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When codfish appear in Native American legends, their role is usually simply as something that other characters are eating or fishing for. Some Nuu-chah-nulth tribes tell the story that a lunar eclipse is the result of a codfish trying to swallow the moon. Some Native Alaskan fishermen make a special offering of the first cod they catch each season, similar to how it is done for salmon and halibut. Codfish is used as a clan crest in some Northwest Coast tribes, such as the Tlingit, and can sometimes be found carved on totem poles.
Richard Hunt was born in Alert Bay, British Columbia in 1951 but has lived most of his life in Victoria. He began carving with his father, the late Henry Hunt, at the age of thirteen. In 1973, Richard began work at the Royal British Columbia Museum as an apprentice carver under his father and the following year assumed the duties of chief carver in the Thunderbird Park Carving Program. In 1986, Richard Hunt resigned from the Royal British Columbia Museum to begin a new career as a freelance artist. He comes from a family of internationally respected artists, which include his father Henry Hunt and family friend Mungo Martin.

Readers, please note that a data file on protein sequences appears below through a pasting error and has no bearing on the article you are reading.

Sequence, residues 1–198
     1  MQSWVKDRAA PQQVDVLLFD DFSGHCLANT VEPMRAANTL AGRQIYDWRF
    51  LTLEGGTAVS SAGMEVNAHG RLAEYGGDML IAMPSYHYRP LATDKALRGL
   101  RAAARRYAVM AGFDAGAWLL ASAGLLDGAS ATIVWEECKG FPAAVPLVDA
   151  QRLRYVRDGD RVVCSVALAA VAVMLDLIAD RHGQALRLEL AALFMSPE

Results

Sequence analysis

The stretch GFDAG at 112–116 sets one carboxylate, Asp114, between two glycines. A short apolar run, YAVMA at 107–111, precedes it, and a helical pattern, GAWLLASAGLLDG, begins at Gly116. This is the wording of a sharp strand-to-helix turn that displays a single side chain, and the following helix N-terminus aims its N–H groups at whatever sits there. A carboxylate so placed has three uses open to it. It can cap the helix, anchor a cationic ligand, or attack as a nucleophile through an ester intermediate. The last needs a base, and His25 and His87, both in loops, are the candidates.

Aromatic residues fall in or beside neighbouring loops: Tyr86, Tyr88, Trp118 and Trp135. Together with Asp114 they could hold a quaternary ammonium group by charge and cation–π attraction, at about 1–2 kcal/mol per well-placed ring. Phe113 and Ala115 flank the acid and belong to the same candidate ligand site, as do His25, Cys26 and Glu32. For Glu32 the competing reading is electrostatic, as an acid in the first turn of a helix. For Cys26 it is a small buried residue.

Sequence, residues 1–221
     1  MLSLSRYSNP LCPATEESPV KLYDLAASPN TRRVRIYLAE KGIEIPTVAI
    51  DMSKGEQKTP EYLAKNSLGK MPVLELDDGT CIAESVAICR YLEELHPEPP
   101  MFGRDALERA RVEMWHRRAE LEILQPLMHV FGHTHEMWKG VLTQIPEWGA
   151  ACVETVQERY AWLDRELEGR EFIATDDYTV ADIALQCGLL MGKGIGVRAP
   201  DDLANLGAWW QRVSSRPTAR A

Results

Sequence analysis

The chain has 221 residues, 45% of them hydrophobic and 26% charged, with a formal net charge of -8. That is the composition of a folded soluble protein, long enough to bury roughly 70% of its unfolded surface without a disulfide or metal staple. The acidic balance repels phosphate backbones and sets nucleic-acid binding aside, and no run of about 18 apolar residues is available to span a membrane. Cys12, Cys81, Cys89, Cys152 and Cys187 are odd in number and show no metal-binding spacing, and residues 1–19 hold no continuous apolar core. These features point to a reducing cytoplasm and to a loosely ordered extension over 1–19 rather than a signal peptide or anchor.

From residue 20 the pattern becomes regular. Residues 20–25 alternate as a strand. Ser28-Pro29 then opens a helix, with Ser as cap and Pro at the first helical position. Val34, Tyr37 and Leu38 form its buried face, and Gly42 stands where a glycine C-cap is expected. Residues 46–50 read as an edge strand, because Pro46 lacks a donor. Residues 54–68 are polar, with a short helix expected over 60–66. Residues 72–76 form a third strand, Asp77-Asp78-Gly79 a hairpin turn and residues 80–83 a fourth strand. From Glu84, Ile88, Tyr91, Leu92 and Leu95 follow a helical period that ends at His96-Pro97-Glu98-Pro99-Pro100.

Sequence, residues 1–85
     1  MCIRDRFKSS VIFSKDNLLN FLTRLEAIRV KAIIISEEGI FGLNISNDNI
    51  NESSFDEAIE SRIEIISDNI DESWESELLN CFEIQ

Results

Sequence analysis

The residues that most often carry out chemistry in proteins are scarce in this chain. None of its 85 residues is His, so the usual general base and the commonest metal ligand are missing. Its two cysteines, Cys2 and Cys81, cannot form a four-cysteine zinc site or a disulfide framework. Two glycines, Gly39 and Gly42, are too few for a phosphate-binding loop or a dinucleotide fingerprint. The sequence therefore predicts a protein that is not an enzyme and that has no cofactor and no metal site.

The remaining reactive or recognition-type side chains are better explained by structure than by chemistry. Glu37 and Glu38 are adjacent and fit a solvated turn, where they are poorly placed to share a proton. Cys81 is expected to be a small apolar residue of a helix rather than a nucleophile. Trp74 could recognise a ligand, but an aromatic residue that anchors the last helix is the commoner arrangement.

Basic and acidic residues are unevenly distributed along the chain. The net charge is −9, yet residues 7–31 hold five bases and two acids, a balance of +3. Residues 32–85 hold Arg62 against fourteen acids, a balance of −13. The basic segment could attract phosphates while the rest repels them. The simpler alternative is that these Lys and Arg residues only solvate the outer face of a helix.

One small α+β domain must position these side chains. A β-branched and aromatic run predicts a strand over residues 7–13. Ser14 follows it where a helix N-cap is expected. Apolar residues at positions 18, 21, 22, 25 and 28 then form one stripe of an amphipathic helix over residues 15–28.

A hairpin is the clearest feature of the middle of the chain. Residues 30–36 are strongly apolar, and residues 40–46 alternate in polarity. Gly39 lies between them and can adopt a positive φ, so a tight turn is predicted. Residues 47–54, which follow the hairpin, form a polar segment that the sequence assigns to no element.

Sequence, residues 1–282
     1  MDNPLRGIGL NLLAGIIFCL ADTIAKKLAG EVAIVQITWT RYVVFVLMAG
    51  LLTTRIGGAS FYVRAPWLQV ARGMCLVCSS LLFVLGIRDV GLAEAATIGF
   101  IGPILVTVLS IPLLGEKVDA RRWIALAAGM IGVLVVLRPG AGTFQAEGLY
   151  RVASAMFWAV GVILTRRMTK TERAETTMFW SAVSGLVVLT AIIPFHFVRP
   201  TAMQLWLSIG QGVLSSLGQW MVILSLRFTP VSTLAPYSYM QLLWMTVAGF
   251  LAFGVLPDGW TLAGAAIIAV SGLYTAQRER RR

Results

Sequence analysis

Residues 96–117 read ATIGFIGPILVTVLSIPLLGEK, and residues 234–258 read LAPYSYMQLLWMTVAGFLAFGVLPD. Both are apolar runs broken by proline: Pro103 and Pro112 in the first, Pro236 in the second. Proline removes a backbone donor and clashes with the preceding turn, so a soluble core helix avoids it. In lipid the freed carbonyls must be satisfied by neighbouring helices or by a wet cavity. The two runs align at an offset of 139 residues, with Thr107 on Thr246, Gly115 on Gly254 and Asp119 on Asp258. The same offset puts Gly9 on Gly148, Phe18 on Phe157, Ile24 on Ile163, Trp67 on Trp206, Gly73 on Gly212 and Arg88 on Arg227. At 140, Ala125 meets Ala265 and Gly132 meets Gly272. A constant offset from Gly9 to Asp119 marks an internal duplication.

In 1991, Richard Hunt received the Order of British Columbia "in recognition of serving with the greatest distinction and excellence in a field of endeavour benefiting the people of the Province of British Columbia and elsewhere." This prestigious award program was established in 1990. Richard is the first native artist to be so recognized. In 1994, Richard received the most prestigious award of his career, The Order of Canada. "The Order was established in 1967 as a means of recognizing outstanding achievement, honouring those who have given services to Canada, to their fellow citizens or to humanity at large."
Richard Hunt's Indian name is highly appropriate, considering his accomplishments. Gwe-la-yo-gwe-la-gya-lis means "a man that travels and wherever he goes, he potlatches." Through his art, Richard Hunt has indeed given much to the world.